PCB | July 21, 2009
Cantilever sensors revolutionise applications such as ERP and identification systems
German PCB manufacturer Würth Elektronik integrates cantilevers operating as a sensor, allowing new industrial applications. This technological innovation has been made possible due to an inhouse conductive polymer, i.e. thick film polymer paste, enabling the necessary application intelligence structured into a specific designed printed circuit board.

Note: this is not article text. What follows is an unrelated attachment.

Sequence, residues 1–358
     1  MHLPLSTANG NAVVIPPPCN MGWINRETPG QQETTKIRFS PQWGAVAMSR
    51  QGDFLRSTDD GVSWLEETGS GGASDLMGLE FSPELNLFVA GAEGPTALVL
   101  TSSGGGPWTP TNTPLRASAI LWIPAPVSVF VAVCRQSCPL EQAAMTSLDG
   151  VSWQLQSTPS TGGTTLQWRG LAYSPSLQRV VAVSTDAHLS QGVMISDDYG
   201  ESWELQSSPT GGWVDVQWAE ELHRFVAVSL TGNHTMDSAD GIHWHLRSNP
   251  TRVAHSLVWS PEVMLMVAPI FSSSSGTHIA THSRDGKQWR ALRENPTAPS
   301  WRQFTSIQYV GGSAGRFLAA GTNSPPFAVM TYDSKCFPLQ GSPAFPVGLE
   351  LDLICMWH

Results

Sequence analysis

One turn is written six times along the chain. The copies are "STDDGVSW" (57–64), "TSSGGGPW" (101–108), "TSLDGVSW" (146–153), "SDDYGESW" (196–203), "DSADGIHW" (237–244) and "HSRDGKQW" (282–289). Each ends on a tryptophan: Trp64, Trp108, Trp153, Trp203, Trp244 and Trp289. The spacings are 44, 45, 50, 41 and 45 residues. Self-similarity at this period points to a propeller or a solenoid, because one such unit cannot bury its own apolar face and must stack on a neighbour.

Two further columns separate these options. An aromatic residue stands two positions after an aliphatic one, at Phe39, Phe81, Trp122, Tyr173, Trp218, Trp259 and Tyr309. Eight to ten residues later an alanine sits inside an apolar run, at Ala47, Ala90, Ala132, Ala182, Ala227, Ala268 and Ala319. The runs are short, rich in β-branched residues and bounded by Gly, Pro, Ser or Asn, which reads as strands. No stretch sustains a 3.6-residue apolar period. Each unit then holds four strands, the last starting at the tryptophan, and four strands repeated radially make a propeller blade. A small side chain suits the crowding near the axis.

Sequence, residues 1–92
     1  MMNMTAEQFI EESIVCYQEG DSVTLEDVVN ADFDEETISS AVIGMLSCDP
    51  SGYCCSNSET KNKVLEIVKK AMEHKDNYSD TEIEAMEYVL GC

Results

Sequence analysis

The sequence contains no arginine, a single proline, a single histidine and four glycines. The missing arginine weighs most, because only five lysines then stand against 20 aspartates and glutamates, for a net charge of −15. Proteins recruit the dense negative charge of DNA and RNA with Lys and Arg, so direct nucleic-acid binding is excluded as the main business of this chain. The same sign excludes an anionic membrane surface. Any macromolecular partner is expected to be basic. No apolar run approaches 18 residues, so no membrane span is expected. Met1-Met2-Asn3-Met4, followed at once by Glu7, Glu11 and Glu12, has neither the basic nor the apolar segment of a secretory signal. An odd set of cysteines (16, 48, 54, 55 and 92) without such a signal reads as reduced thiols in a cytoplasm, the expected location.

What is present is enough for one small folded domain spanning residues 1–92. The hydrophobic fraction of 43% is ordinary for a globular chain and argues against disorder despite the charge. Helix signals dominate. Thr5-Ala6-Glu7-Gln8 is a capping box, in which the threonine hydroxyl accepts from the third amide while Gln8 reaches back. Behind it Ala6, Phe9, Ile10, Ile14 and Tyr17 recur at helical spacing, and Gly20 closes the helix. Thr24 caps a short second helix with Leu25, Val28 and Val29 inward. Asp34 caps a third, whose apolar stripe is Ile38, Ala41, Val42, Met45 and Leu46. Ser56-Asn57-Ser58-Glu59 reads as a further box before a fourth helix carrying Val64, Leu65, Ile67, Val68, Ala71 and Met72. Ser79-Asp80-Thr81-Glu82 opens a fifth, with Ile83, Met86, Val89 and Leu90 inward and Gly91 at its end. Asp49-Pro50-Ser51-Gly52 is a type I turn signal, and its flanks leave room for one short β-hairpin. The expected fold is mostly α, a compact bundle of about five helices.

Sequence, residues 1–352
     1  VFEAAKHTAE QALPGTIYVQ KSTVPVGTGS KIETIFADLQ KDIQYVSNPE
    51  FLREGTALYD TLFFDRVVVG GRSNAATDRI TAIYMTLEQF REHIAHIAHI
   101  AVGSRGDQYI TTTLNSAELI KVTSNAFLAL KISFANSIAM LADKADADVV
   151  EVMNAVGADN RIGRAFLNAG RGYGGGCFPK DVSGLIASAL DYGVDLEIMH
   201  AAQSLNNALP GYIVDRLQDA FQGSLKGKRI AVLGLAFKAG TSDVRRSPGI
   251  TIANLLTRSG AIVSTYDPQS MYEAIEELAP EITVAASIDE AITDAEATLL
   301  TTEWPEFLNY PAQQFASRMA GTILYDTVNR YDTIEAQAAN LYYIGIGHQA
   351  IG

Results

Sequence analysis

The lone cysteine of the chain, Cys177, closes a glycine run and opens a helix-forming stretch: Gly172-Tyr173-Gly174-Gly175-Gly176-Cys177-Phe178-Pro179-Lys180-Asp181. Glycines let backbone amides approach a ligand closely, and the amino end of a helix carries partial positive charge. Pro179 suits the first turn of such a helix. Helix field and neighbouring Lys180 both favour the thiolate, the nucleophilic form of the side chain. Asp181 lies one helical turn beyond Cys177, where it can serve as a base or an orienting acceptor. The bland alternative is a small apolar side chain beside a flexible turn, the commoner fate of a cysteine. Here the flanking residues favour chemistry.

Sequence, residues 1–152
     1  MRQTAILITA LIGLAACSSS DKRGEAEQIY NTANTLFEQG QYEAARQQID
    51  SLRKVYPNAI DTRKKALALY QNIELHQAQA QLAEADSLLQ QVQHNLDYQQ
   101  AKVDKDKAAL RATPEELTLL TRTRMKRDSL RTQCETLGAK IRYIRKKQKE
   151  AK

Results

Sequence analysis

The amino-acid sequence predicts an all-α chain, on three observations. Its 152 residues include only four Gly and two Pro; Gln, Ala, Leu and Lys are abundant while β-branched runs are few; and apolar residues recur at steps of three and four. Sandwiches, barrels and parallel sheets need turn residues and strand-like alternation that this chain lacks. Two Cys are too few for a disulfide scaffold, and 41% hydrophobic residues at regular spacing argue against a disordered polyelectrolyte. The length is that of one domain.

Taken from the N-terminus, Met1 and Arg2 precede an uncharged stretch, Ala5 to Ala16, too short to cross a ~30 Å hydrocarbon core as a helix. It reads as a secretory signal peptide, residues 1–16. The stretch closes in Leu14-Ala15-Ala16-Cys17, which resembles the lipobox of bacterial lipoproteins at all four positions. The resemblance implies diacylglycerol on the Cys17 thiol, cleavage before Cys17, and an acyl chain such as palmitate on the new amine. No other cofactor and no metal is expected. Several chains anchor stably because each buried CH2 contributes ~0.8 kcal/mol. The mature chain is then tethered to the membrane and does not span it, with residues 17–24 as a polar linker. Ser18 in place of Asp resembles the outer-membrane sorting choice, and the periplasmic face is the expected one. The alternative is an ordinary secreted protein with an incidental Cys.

This solution is characterised by a high potential of technical innovations. It is suited to numerous new and customized applications, e.g. allocation and identification tools in ERP systems. The first serial products are already approved. Currently existing cantilevers are limited to simple functions, e.g. pure force measurement. By means of resistive strain gauges printed on the PCB and integrated sensor and electronics on board, the new cantilever also replaces the weaknesses of traditional capacitive sensors for allocation systems, e.g. insufficient robustness against environmental conditions. Precisely due to this robustness, the cantilever with polymer strain gauge is suitable for applications that are subject to special demands in terms of temperature, humidity, industrial climate and similar. These cantilevers, which can be integrated into any PCB type (i.e. double-sided, multilayer, HDI or flex-rigid), are commonly used as short stroke sensors and force indicating devices, as well as making integrated pressure sensors possible. The special technique of embedding the polymer hybrid as a screen-printed, passive component inside internal layers of a PCB, provides a level of high packing density combined with reliable connections to conductive traces never before experienced. This cantilever can be incorporated into any PCB type (DS, ML, HDI, flex- rigid) and can be applied as, to mention but a few, a short stroke sensor or force indicator, therefore an option for replacing short stroke - and pressure sensors. The crucial factor to this further integration level is the in-house developed and secret conductive plastic paste. By applying new conductive and other polymer types with targeted electrical characteristics, Würth Elektronik succeeded in printing passive components on board and integrating sensors inside the PCB. This technology enables the development of customized solutions, which, among other items, reduce space and volume as well as production efforts at a considerable extent. Development time and costs are reduced while simultaneously improving the end application robustness. Frank Dietrich, head of the product division FLATcomp systems at Würth Elektronik and developer of the specific “smart conductive“-polymer paste, points out: „The customer does not get the paste in the actual sense, but the cured thick film, therefore we use the correct term PTF (Polymer Thick Film). We are tending more and more towards this variation of thick film due to the wide range of resistance it offers; in the future we will have many passive components screen printed on the PCB.” For polymer strain gauges, the thick coating creates an excep-tionally stress-sensitive resistor; achieving output signals 50 times higher than a conventional strain gauge’s signal, and therefore needs only a low level of amplification. With this, Würth Elektronik is able to generate a thick film strain gauge on the PCB so that the integration of sensor and evaluation electronics within the compact design of a mechanically structured PCB becomes possible. The advantages of this integration are outperforming all former approaches for improving sensor technology: The designer enjoys great creative freedom and needs less time for development; the sensor is positioned close to the electronic evaluation unit; the PCB is ca-pable of taking over several functions; the solution gives high reliability and the start-up costs are reduced. Moving forward with integration really pays off here, since more than 80% of all components are passive components, occupying more than 35% of space available and more than 25% of all solder joints in assemblies. Reduction of solder joints means improvement of the products’ reliability and robustness.? Thick Film strain gauge combined with cantilever in comparison Strain gauges usually are glued onto metal cantilevers. Designed as a Wheatstone bridge, a signal corresponding to the proportional value of the force effect on the cantilever is transferred. Com-mercially available strain gauges are available at values between 1 mV/V and 4 mV/V. The practical consequence is, that the signal needs to be amplified by 250 to 1000 times before it becomes fit for purpose. Moreover, side effects like drifting and EMC interferences be-come more likely with a high amplification. On the other hand, the printed polymer strain gauge with struc-tured PCB (applied for patent) utilises the TK-compensation due to the Wheatstone bridge and the matching of FR4 to the conductive polymer. The signal obtained using this method is around 50 times higher than for conventional strain gauges. Conclusion: Only a slight amplification is needed. In many applications, even amplification becomes no longer necessary, resulting in cost savings, higher reliability and less interference. As with printed resistors, the application becomes more robust. This type of sensor may be also used as short stroke sensors or – combined with a diaphragm - as a pressure sensor. Equally, it is possible to replace simple position switches using this PCB element, both cost-effectively and with reduced interference. Peter Tiefenbach, head of the product management Polymer technology FLATcomp at Würth Elektronik, says: „The printed circuit board takes over functions, playing the role of a sensor. That generates an essential difference: The PCB is not applied as backing material for electronic components or as a connecting element; nowadays it is con-sidered a valuable system, able to take on additional tasks. Advancing functionality – this is one of the basic technological principles today. “ Peter Tiefenbach (Polymertechnologie FLATcomp - left) and und Frank Dietrich (FLATcomp Systeme at Würth Elektronik) Technical article: Würth Elektronik